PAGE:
The 1992 Supreme Court decision written by Justice Antonin Scalia illustrates the irresponsible failure to safeguard the environment based on the assumption that all humans participate in harming the ecosystem. The argument at least misleads the world into believing that oil and gas companies and their equivalents are not responsible for environmental devastation. The concept exemplifies the erroneous notion that climate change is a hoax (Nagle). It protects corporations functioning in the corporate sector from the appropriate penal measures. It allows them to continue exposing the globe and oceans to alarming temperature increases. Nagle has no qualms about exposing this phony belief system. The acclaimed dramatist discusses the importance to safeguard land, water, and the atmosphere for future generations. She is acutely aware of the urgent need to maintain human welfare, beginning with the constitutional principles and the institutions intended to uphold them. She handles the delicate matter from an unorthodox position that shatters common views and introduces a worthy new viewpoint.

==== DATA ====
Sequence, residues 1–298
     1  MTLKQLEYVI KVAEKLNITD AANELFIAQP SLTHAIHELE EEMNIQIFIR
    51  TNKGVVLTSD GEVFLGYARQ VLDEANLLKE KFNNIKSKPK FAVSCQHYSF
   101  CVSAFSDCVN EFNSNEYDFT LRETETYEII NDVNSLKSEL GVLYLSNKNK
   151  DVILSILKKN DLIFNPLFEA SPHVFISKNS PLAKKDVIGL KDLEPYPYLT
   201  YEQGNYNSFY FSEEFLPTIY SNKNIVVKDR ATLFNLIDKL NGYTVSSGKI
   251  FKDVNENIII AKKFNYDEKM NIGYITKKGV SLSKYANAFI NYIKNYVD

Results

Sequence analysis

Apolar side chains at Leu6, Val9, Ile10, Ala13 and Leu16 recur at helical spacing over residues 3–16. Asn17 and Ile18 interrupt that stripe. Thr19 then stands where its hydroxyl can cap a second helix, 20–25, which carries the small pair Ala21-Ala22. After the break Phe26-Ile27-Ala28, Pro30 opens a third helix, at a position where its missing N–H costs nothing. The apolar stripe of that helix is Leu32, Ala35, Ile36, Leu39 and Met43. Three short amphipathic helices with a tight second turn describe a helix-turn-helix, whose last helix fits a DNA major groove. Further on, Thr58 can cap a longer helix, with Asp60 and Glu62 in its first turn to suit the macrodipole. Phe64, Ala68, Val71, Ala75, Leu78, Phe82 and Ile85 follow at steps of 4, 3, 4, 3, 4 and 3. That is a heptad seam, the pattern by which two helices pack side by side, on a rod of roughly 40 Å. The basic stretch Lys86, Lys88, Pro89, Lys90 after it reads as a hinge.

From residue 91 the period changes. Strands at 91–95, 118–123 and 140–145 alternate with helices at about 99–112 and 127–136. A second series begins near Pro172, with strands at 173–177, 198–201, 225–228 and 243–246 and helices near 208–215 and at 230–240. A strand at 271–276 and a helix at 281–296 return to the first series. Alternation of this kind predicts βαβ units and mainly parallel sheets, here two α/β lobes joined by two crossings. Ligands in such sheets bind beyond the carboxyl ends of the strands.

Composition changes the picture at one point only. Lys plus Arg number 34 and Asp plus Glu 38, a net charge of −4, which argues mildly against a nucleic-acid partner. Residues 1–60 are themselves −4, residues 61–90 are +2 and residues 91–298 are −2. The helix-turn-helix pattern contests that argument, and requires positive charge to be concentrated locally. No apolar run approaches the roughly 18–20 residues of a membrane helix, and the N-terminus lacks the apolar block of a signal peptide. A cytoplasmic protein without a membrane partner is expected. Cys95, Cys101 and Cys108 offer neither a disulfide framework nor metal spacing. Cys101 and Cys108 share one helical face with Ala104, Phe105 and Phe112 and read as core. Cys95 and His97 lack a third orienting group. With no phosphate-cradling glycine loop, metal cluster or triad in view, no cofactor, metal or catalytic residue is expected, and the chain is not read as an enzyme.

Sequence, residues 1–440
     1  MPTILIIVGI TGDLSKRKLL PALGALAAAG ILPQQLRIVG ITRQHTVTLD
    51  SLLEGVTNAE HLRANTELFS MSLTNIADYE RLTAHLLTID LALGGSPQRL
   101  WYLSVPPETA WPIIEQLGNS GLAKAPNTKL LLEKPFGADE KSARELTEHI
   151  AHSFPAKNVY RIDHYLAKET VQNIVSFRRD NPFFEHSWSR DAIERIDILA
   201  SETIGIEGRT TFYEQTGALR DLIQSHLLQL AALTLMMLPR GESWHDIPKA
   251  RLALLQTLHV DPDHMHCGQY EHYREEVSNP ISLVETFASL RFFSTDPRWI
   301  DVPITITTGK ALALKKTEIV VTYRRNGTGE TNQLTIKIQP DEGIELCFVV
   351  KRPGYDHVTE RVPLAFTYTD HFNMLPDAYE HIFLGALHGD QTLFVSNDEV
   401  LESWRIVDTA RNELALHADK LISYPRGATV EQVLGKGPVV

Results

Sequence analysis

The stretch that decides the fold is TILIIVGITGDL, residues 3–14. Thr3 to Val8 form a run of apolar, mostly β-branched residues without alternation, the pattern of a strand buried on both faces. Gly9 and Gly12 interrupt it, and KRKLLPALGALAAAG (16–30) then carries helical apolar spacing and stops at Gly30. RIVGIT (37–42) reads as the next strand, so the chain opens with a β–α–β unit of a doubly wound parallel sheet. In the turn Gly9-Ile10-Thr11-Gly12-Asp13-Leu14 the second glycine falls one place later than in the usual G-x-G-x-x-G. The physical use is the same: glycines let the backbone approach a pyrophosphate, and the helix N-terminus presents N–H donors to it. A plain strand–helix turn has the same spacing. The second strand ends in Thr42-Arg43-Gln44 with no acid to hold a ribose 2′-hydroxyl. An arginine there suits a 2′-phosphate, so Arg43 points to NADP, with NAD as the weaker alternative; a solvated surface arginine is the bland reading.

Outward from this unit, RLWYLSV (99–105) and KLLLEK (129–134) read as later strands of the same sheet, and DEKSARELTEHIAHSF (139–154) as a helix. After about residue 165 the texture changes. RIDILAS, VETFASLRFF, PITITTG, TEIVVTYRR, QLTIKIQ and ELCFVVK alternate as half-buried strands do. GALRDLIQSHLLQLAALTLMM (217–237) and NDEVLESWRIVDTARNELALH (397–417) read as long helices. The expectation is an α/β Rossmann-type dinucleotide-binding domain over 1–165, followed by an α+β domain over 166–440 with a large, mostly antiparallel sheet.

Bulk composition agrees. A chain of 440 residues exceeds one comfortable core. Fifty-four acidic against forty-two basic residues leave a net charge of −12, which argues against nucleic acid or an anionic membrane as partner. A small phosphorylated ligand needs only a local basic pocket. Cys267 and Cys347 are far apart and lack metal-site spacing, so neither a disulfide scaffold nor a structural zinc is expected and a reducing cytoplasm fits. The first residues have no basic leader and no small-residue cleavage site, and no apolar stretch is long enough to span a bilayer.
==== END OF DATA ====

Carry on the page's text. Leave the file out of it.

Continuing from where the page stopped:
In the current era of massive environmental destruction and instantaneous effects, Nagle’s perspective is extremely pertinent. In contrast to the majority of people, the screenwriter regards the terrible outcomes as a lesson worth imparting to the world. She believes that despite big authority’s reluctance, regular citizens may force the government to take responsibility for the environment through legal means (Nagle). Her dramatic twist enables her to skip all other recognizable tragedies and rush directly to the famed environmental calamities that could have been avoided if the appropriate efforts had been done in a timely manner. The drama depicts the catastrophic circumstance in which a whole Tulane Law School campus had to be relocated in the future. The predicaments of the students are due to the environmental demise of New Orleans and several other coastal places (Nagle). It illustrates the prospect of such calamitous outcomes if people do not adjust their approach to environmental pollutants instead of justifying them with similarly uninformed doctrines. Importantly, the play emphasizes the necessity for environmental consciousness, which is intended in part to eradicate such misguided beliefs (Saeidi et al. 45). A central theme of the play is the idea of creating a society in which individuals take responsibility for their actions rather than imitating or outperforming others.